My film watching has slowed considerably of late, but those films that I have seen since mid-to-late January have been unusually good (give or take the odd bad apple). Here, take a peak:
The problem with Beerfest (and Broken Lizard in general) is, in my opinion, Super Troopers. If you start your comedy career creating a cult-classic, pretty much everything else you do is going to have to either live up to that or be better. The chances of that are obviously pretty slim, and with Beerfest they were way off. It could have been an enjoyable film – the premise sets the scene for a great no-brainer comedy and there’s enough of a storyline to keep you watching – if only for the next ‘joke’. However, I think Ty Burr from The Boston Globe said it best: “Making a comedy that celebrates binge drinking and cretinous behavior isn’t a crime against nature. Making one that’s as brutally unfunny as ‘Beerfest’ is.”
Not your typical straight-laced comedy, Knocked Up definitely doesn’t fit into the ‘teen movie’ genre, even though it comes from the same team that wrote and produced Superbad and The 40-Year-Old Virgin. In my opinion it’s midway between both of these films; nowhere near as funny and witty as the former and (thankfully) not as base as the latter. It reminds me of Melinda and Melinda – but a more male-centric version.
One of the most impressive science fiction films I’ve had the pleasure to watch in a long time.
You can tell it comes from the pen of Alex Garland (The Beach) and was created under the direction of Danny Boyle (Trainspotting and 28 Days Later) – and they are both definitely good things. The problem with it, though? I think the ending was completely unnecessary.
The Simpsons Movie
Blasphemous, I know – but in my opinion The Simpsons definitely didn’t translate well to the big screen. I would have much preferred to have created a 90 minute playlist of my favourite episodes and watch them all consecutively. It’s not that it was bad; it was disappointing because I was expecting great things.
At first I couldn’t think of a single reason not to give this film five stars – it’s an incredibly beautiful and hip comedy/drama. With an amazing cast astonishing in their idiosyncratic youth; cinematography that’s as funky as hell; and with a flawless script to boot (the dialogue’s intelligent, quirky, and ever quotable), Juno was a pleasure to watch. However, I always reserve an entire star to be given on the basis of whether or not I think about the film days, weeks, or even months later. With Juno, I told people it was awesome, but a week or so later I stopped thinking about it: for that it gets half a star taken off. I’ll be watching it again though – it’s too human not too.
10 Items or Less
Everything I could say about this film has already been said perfectly on Metacritic. To save you a couple of clicks, here are a few choice critical quotes:
Ty Burr, Boston Globe: “10 Items or Less is nearly an acting class exercise.”
Jonathan Rosenbaum, Chicago Reader: “An amiable demonstration of how two charismatic actors and a relaxed writer-director can squeeze an enjoyable movie out of practically nothing.”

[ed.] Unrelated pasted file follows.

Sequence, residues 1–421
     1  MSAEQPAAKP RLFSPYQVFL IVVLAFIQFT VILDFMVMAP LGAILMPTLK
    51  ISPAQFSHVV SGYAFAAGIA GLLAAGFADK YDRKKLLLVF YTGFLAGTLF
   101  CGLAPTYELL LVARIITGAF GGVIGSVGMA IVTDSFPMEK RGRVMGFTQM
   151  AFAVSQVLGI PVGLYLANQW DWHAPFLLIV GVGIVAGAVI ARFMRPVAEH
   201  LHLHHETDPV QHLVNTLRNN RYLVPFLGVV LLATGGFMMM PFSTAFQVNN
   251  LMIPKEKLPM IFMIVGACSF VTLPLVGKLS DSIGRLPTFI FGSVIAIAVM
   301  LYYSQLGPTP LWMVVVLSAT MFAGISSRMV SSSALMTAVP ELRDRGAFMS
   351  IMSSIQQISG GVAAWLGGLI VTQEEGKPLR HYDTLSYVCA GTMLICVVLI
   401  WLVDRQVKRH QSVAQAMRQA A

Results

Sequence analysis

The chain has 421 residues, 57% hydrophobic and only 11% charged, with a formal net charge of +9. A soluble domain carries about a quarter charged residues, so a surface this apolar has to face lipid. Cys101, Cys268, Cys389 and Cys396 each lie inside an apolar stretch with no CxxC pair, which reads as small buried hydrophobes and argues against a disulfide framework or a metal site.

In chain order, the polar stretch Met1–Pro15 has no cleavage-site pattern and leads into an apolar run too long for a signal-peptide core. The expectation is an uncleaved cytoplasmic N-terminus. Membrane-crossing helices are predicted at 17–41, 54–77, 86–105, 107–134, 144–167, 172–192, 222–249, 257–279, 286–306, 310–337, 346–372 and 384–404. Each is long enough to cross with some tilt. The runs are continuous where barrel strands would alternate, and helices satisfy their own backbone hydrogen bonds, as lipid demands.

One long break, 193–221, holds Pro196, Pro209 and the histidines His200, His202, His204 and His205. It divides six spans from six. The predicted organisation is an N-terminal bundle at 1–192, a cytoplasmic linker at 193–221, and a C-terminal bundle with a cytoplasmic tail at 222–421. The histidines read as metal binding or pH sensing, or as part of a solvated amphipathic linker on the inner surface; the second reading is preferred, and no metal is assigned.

Ruthe Stein, San Francisco Chronicle: “Proceeds at that pace to an ending that is as inevitable as it is poignant.”
Away From Her
As the feature debut of a 28-year-old, Away From Her is an incredible achievement. I could list a thousand adjectives describing this film: beautiful; haunting; unafraid; comforting; the list goes on. This film of love lost – and love found – is a poignant reminder of how fragile the human spirit is and the sacrifices we will all – at some point in our life – have to make. It shows that letting go is the hardest thing to do, but a necessary step, nonetheless.
Me and You and Everyone We Know
Damn, Miranda July is so cool! Billed as “a poetic and penetrating observation of how people struggle to connect with one another in an isolating and contemporary world“, Me and You has triggered something in me – it has made me realise how fragile relationships can be. I’m taking drastic steps because of this film – you’ll see… in a couple of days.
Thank You for Smoking
A textbook example of critical thinking, perfect retorts, negotiation, spin, and satirical dark comedy. Smoking is a hilarious look at the life of a tobacco lobbyist. I loved this.
La Science des Rêves (The Science of Sleep)
Distinctly Gondry, this is one of those films that changes dramatically depending on your current ‘real life’ circumstances (just like his previous feature, Eternal Sunshine). In that vein, I think I was at the perfect time of my life for The Science of Sleep when I saw it for the first time about a month ago (as I was when I saw Eternal Sunshine just over a year ago).
Gael García Bernal (Amores perros and The Motorcycle Diaries) does a great job portraying a young man whose dreams are greater, more fun, and happier than his less-than-perfect reality.
Finally – like Juno – it is ever quotable, and I leave you with a few of my favourites (in addition to this post’s title):
“In dreams, emotions are overwhelming.”
“Things will turn out the way you want, if you just stop doubting that I love you.”
“You have a serious problem of distorting reality. You could sleep with the entire planet and still feel rejected.”
“‘The Goat on the Cliff’, remember?”
“This girl is at once all the women that broke my heart. She is so beautiful and generous, and she’s asking me to leave… because she is dumping me. She’s dumping me because I am a cheap drug dealer, and I am a drug dealer because she wants to leave me. The police are going to get me now, this is all my fault.“